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The Straits Times
September 1, 2022
A reticulated python swallowed a pet cat roaming the condominium compound of its owner's house in Tanah Merah.
Teacher Angel Low, 28, feared the worst when her cat, Ben, did not return home on Monday night, after she learnt that a reticulated python with a bulging belly had been caught earlier that day.
"Ben usually comes back when my mum calls him. We suspected that something was wrong when we saw the python's belly in a video shared by other residents and immediately contacted the Animal Concerns Research and Education Society (Acres), which had removed the snake," said Ms Low.
Her three-year-old tabby cat weighed about 6kg, she said.
To her family's horror, they learnt the next day that the python had vomited their pet's carcass while the reptile was being transported to the Singapore Zoo.
But it was too late for them to retrieve the carcass, which was thrown out by staff.
"I wish they had been a bit more sensitive in handling the issue... especially when my cat had a collar," said Ms Low, who felt that the staff could have taken the trouble to find out if the cat belonged to someone.
Responding to queries from The Straits Times, Mandai Wildlife Group and Acres said the python was taken to the group’s animal hospital, which is the central processing point for all rescued pythons in Singapore.
On the way to the hospital, the snake regurgitated the cat, and when scanned at the hospital, the carcass had no microchip indicating its origin, they said.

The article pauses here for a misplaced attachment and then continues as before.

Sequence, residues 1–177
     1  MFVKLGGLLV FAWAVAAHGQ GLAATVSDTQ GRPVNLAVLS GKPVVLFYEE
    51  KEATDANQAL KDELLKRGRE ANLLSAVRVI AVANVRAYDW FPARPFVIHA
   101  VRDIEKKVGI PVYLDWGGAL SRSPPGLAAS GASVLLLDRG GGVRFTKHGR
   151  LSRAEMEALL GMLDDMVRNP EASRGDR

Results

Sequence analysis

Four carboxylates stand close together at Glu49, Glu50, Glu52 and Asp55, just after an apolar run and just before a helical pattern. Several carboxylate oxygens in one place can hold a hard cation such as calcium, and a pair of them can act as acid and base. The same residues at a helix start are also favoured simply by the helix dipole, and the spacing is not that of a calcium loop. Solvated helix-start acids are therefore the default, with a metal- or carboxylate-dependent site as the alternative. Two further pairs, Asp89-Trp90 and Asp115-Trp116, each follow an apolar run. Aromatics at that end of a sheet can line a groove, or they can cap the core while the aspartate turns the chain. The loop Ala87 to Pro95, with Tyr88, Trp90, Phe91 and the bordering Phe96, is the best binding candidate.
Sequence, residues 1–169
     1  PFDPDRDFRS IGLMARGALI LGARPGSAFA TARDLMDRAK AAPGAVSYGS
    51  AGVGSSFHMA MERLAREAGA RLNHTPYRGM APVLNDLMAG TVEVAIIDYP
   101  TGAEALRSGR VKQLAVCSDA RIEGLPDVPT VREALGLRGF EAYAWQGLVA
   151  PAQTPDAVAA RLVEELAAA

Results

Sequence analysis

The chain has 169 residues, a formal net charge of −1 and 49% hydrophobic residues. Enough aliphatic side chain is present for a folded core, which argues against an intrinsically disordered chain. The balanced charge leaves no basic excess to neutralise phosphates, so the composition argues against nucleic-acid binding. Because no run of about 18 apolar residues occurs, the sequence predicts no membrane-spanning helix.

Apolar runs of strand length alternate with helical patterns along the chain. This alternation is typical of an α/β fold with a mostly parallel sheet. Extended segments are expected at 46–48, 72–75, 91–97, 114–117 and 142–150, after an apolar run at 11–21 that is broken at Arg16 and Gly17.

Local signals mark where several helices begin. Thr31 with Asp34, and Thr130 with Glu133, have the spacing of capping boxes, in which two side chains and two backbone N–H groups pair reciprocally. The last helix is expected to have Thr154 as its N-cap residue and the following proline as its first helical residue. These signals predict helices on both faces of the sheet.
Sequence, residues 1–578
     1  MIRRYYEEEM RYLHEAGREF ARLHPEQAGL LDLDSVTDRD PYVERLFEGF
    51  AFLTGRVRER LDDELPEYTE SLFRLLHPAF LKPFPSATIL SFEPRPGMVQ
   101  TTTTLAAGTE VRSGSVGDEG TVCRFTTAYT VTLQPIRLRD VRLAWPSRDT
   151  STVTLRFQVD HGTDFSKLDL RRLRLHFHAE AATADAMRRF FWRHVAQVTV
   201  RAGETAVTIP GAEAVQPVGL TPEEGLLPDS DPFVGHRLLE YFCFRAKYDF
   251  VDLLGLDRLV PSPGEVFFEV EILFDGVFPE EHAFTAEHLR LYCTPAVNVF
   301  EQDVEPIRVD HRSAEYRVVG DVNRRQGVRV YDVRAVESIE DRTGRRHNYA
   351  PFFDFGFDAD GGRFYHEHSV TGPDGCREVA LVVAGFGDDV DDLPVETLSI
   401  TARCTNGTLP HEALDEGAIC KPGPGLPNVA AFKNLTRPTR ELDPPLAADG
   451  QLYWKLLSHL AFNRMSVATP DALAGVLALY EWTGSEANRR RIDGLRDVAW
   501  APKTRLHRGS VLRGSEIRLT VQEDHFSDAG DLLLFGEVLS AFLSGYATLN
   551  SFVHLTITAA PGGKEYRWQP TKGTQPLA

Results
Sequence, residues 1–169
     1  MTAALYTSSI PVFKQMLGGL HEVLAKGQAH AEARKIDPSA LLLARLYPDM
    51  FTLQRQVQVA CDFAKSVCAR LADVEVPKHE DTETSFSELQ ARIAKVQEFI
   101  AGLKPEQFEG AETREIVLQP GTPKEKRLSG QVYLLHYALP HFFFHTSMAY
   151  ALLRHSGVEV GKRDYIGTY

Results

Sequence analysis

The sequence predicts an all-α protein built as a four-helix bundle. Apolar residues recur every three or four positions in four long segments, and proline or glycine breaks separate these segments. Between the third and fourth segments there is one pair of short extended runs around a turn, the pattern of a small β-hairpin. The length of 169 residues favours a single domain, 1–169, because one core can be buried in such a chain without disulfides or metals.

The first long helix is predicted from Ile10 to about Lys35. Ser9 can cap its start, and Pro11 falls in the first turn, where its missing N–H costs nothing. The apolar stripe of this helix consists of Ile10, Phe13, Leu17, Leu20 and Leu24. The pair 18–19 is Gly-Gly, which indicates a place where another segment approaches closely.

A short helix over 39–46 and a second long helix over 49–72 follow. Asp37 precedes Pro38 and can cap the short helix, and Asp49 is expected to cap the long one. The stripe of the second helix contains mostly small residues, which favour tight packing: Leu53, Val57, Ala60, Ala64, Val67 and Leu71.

“Acres made a call to the security officer to provide an update and was informed that no reports of a missing cat had been made up until then. After a discussion between the two organisations, the body was carefully disposed of, in accordance with the zoo’s standard protocols for biosecurity,” they added.
Following the incident, the veterinary department at Mandai Wildlife Group is reviewing its processes to temporarily keep dead domestic animals taken to the hospital, they said.
This was the first time Ms Low and her family, who live in a three-storey house, had seen a snake at D'Manor since they moved into the estate more than 10 years ago.
Ms Low said they were surprised to see one as the condominium is not near any nature areas.
"My mum is devastated because she was very close to Ben, whom we've had since he was one week old. He was a very sweet cat that wouldn't hurt anyone and would cuddle up to us when we were upset."
"Every time we think about what happened, we still cry," she added.
The three-year-old tabby cat weighed about 6kg, Ms Angel Low said. PHOTO: COURTESY OF ANGEL LOW
Ben liked to sun himself so the family allowed him to roam the compound, she said, adding that the cat would return home on its own.
After the incident, they are now more vigilant of the whereabouts of their six-year-old dog and two other cats.
Reticulated pythons, which are native to Singapore, can grow up to 10m and eat mammals ranging from mice to deer, according to the National Parks Board's (NParks) website.
They have been known to devour pets, including cats, birds and dogs.
Reticulated pythons are regularly spotted in urban storm drains and play an important role in controlling the population of rats, said Mr Sankar Ananthanarayanan, president of the Herpetological Society of Singapore.
He added: "Our hearts go out to the family of the cat, and we sincerely hope they find closure from this incident.
"These animals do not mean us any harm. It is advisable not to let house pets outdoors unsupervised. In general, keep a safe distance from wildlife."
Said Acres co-chief executive Kalai Vanan Balakrishnan: “While such occurrences of snakes preying on pets are not common, we are living in increasingly integrated environments that may result in more wildlife encounters.
“It is advised to keep a close eye on pets when outdoors and use a leash if possible or keep pets safely indoors for the well-being of both the pets and other wildlife such as snakes.”
People who come across snakes in a public area or on their property should call NParks’ 24-hour Animal Response Centre on 1800-476-1600.